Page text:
This was the best veggie lasagna I'd ever eaten.
Jo thought her fettuccine with marinara
wasn't too shabby, either.

I mean, what else would you do in San Francisco? ;)

Day 6
Full San Francisco day! I tell you what, traffic is crazy, so once we had parked the car at our motel, we weren't about to take it out again. We figured if we couldn't walk to a place, we didn't need to see it.

Our first stop of the day was to get me a coffee. DUH. Then we went to Chinatown. You guys, I am a delicate soul, and I was not really feeling Chinatown, although yes, it was kind of cool. All those people and all those weird smells just ... well, I had a panic attack, and I spent the entire time pretending I was NOT having a panic attack because I didn't want to ruin the experience for the rest of the family. I could appreciate the atmosphere and the fact that I was seeing something amazing ... just not while I was there.

Anxiety sucks.

Chinatown! It was actually pretty amazing, now that I'm
thinking about it from the safety of my house.

After Chinatown we just basically walked randomly around the downtown area. We tried to have lunch in a couple of delis, but they didn't take credit cards (cash only is apparently still a thing), so we ended up back at Italian Homemade for lunch. No complaints since that place is awesome. We also visited three churches in about a three block radius. All were cathedral-sized. I can't even imagine.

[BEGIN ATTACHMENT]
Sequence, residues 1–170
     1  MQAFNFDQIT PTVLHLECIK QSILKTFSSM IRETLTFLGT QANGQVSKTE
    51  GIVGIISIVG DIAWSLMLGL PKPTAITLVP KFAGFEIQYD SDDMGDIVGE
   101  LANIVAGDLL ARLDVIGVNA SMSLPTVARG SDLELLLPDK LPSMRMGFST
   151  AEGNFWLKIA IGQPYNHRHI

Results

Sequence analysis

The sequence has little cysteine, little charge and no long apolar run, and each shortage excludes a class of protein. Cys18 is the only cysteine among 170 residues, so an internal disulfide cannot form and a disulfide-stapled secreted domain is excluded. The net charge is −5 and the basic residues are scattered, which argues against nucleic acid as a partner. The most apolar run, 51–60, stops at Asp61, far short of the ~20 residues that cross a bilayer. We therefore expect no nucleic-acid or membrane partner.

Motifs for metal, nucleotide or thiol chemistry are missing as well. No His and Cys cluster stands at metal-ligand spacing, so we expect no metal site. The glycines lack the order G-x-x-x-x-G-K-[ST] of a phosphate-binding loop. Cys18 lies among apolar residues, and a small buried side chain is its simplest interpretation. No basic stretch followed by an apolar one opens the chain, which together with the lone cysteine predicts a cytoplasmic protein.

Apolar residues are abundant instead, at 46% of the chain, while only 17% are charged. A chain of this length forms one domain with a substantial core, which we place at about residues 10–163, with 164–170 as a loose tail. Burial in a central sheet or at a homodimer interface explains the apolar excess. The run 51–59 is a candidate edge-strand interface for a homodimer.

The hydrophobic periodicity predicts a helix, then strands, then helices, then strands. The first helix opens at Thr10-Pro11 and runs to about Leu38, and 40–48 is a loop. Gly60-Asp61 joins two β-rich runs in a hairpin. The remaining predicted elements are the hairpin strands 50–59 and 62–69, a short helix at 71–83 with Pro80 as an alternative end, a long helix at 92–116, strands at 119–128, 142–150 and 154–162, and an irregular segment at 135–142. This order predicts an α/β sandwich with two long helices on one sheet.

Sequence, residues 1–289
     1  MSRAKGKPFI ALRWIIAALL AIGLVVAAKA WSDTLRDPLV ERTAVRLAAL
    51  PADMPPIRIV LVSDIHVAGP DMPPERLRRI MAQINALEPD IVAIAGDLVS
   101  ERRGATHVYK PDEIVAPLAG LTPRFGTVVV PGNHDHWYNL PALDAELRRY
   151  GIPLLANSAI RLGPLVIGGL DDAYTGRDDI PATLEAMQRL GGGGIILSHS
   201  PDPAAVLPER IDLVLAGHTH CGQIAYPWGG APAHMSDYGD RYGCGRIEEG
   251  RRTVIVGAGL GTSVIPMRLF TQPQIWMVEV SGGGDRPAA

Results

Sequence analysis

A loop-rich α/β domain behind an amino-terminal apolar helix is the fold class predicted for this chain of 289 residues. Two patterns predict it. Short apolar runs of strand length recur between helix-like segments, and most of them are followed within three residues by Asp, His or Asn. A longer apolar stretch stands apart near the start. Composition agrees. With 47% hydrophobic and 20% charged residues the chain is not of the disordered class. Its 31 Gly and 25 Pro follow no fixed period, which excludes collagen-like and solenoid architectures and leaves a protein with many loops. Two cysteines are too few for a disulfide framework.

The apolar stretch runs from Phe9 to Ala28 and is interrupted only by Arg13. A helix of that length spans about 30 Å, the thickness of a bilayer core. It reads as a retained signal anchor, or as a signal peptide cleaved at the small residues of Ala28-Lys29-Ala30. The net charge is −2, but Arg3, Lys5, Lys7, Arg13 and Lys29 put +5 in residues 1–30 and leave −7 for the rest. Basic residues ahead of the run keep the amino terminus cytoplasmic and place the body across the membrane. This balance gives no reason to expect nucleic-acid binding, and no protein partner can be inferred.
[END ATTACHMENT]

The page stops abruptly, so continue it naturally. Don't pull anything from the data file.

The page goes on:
Next, Jo and I went back to the hotel to rest while Eric and Abby walked to Lombard Street to check it out from street level.

I really should have gotten into shape BEFORE our trip, because all that walking, though quickly putting me into a decent physical condition, was not exactly pleasant. ;)

After my nap (ahem), we headed back to the wharf. Cold and windy but kind of fun. My panic had subsided by then, plus it didn't seem as crowded, so I was mentally in a better place.

Making new friends.

It probably also helped that there was chocolate involved.

For dinner, we wanted to go to In and Out Burger on the wharf to see what the fuss is all about. Long, long lines, and it's a miracle we got a table, but we succeeded and we partook of our burgers and fries. And you know, it was good, but Habit Burger was way better. I'm not really sure why everyone goes gaga over this place (sorry, Jared), but hey, another experience!

We were in... and then we were out.

After dinner, though, things got AWESOME. There was this kid (Abby swears it was a man) all dressed in silver. Silver from head to toe. (Honestly, can that be healthy, to have all that silver paint on your skin?) He was lip-sync-rapping to a very inappropriate song and pretending he was a robot. Eric was all, we are giving that guy a dollar, but Jo is going to be the one to do it. Johanna made Abby go with her, and after successfully placing the dollar in his cup, the guy holds out a silver hand for Johanna to take.

Johanna is looking at his hand like she's not exactly sure what the point of all this is, but tentatively stuck her hand out to shake his. He takes it, does this little wave-arm move with both of their arms, and then whispers, "Thanks, beautiful. I really appreciate it."

THEN he pulls out a piece of gum from his pocket and hands it to her, and finally lets her go. She's very red and very relieved, and also probably abused because the rest of us have collapsed from laughing at her expense, the poor thing.

(And no. No, I did not let her eat the gum.)